Eternal Tears of Sorrow – Saivon Lapsi Review

Eternal Tears of Sorrow // Saivon Lapsi
Rating: 3.0/5.0 — A significant lapsi of quality [My brain! It’s bleeding! – AMG]
Label: Massacre Records
Websites:  | |
Release Dates: EU: 2013.02.22 | US: 04.09.2013

EternalEternal Tears of Sorrow is an exceptionally fruity band name. The mere mention of it conjures images of a self-serious, black-garbed goth band [See: exceptionally fruity photos – AMG] with a buxom, pouty femme fatale as front woman. If the name was keeping you away, you missed out on a quality band that blended black metal with melodic death, goth rock and symphonic power metal, usually with good results. While I enjoyed all their albums, their crowning achievement was 2009s Children of the Dark Waters, which hit on the perfect combination of bombast, dark atmosphere, extremity, beauty and song writing that was shockingly good from stem to stern. At times it sounded like Cradle of Filth at their most symphonic mixed with early Cemetery, with traces of Kalmah, Insomnium and Amorphis added for good measure.

After waiting over three years for a follow-up, we finally get Saivon Lapsi and with the long wait after such a great album, expectations were unavoidably high. Tragically, it seems the dark waters have been diluted and watered down this time. While there are some good moments, there are also some flat, uninspired songs that don’t wow like the old material did. By the narrowest of margins, enough of their former excellence is present to make Saivon Lapsi a muted success, but this precipitous fall from the heights of past glories has Steel Druhm vexed and bewildered (and flummoxed to boot).

I can sum up my main beef with this album quite simply: the front half has too many songs that fail to impress or truly stick with me. While tracks like “Dark Alliance,” “Dance of December” and “The Day” are decent, have some nice instrumental work and make fair use of clean vs. harsh vocals, nothing really grabbed me and made me desire heavy replays. Unlike past albums, the power metal side of the band seems more in control here and everything is rife with symphonics and very melodic. The black/death side is left to take a distant backseat and growl disapproval. “Dark Alliance” at times sounds like Rhapsody of Fire or other such pirate-shirted acts, and while it has moments, it doesn’t do Eternal Tearsmuch as a song. “Dance of December” has a moodier, darker vibe more in line with past material, reminds of Dark the Suns and fares better due to a memorable chorus, as does “The Day,” but they all feel a bit too restrained, too much like second rate Crematory and the drop off in quality from CotDW is quite stark.

Things get even worse with “Legion of Beast,” which sounds like a Children of Bodom rip off and lacks the necessary hooks to bring the listener back. “Sound of Silence” is a big, overblown power balladwith a male and female duet styled after Nightwish (it sounds a bit like “The Islander” at times), and while it’s professionally executed, it’s dull, uneventful and leaves nothing whatsoever stuck in my mental craw.

The few songs that are up to the band’s usual standards don’t arrive until the final third of the album, which isn’t a good thing from a record planning or listening perspective. “Swan Saivo” expertly weaves gothic moods and textures with Europower excess and a near operatic sensibility. The clean vocals have pop and power and the neo-classical noodling goes down great with the keyboard runs. “Blood Stained Sea” is fairly heavy and the harsh vocals mix well with the angelic choirs and keys and it manages a pleasantly catchy, clean chorus like the ones vintage Gardenian delivered [Who? You’re digging pretty deep there, bud. – AMG]. Lastly, “Angelheart, Ravenheart Act III” has a mid-tempo rumble saturated with glistening keyboards and angelic chanting, with extra harsh vocals and heavy riffing cleaving things right down the middle like a Panzer division. Where was this level of writing on the other two-thirds of Saivon Lapsi? Indeed, the sudden step up in quality on the album’s ass end is what really rubs my rhubarb raw and leaves me looking for answers that aren’t forthcoming.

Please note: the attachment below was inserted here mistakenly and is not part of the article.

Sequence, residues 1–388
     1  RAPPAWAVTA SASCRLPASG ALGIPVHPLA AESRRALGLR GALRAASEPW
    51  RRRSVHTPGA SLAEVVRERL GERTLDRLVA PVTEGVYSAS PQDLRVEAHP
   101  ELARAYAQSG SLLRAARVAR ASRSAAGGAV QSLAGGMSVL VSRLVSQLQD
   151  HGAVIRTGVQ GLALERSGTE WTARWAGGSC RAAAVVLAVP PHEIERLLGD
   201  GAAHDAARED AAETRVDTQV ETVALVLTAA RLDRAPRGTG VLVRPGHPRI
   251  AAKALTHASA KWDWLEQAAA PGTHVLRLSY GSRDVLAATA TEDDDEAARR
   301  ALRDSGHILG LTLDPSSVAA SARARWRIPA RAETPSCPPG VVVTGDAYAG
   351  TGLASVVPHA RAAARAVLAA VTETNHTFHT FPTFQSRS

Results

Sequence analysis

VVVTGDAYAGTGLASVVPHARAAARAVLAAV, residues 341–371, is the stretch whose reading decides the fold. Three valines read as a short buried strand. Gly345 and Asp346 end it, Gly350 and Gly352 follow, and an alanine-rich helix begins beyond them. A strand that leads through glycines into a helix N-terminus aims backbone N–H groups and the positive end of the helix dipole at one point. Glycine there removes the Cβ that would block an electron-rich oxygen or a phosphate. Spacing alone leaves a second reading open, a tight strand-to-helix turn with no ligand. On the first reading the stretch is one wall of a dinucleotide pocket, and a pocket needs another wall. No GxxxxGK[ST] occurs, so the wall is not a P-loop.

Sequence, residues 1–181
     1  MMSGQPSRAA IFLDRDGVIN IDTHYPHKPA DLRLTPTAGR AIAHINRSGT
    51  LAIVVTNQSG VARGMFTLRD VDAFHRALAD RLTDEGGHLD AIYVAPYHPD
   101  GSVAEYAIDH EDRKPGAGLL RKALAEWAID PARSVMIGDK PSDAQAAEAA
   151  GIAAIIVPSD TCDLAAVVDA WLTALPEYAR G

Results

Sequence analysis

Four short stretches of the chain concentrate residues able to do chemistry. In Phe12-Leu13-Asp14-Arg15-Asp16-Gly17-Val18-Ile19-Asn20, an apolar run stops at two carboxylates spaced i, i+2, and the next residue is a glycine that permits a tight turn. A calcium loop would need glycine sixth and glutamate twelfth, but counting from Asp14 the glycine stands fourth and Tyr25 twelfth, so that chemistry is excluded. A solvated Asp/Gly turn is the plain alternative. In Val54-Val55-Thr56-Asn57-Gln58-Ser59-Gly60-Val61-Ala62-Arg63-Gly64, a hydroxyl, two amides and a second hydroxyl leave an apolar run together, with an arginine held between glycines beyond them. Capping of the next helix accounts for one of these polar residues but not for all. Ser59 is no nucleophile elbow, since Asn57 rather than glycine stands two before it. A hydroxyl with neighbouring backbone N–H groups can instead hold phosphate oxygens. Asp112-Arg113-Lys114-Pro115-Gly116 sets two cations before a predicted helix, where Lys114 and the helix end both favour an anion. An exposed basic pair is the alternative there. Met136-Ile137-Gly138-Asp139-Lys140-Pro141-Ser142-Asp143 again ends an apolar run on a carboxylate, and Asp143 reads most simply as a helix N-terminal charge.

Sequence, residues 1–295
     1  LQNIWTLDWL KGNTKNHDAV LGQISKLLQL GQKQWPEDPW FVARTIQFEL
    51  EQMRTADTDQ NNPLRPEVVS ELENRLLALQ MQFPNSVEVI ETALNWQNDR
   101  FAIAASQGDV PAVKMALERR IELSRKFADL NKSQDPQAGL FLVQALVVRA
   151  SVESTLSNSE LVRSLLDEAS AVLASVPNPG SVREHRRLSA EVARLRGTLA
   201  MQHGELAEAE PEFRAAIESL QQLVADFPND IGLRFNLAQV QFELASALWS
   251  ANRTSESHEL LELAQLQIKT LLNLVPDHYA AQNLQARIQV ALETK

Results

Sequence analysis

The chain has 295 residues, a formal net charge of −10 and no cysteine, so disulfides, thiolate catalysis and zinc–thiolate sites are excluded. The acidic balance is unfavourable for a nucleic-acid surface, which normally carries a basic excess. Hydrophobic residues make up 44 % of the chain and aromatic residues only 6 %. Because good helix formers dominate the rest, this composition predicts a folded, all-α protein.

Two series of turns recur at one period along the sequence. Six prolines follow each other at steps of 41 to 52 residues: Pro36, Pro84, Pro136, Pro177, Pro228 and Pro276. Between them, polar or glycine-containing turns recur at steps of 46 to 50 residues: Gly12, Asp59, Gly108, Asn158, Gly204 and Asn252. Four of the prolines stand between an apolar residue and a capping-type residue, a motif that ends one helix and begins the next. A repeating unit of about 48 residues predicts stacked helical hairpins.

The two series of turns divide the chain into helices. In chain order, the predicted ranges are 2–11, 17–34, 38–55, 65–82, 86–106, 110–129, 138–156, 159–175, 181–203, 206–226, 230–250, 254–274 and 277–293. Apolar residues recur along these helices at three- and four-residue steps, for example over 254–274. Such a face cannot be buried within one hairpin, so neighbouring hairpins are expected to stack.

Eternal 3I’ve always been a fan of Altti Vetelainen’s harsh black/death vocals. He was never the most extreme screamer or gurgler, but his style added much needed heaviness to a very melodic sound. On much of the material here though, he seems subdued and less menacing, like he’s trying to dial back the rawness. He doesn’t really cut loose until the album’s back-end and this hurts the overall power of the earlier songs. Likewise, I’m far less impressed with Jarmo Kylmanen’s clean vocals this time around. They lack the impact they once had and he isn’t used to maximum effect on most of the songs. Song writing failures aside, I’m still impressed by much of the guitar work by Mika Lammassaari and the keyboards of Janne Tolsa (Tarot). I just wish their playing translated into better songs.

I’m let down by Saivon Lapsi, but I concede it’s a grower and the more I spin it, the better it gets. That’s good, because after the first two spins I hated most of it. With patience came tolerance, then a grudging respect, peppered with hate. This can’t hold a candle to CotDW or any of their older albums, but it’s worth a listen before diving into their superior back catalog. At least the music is starting to match up with their moniker. That counts for something, right? If anyone needs me, I’ll be eternally crying in the dark water.

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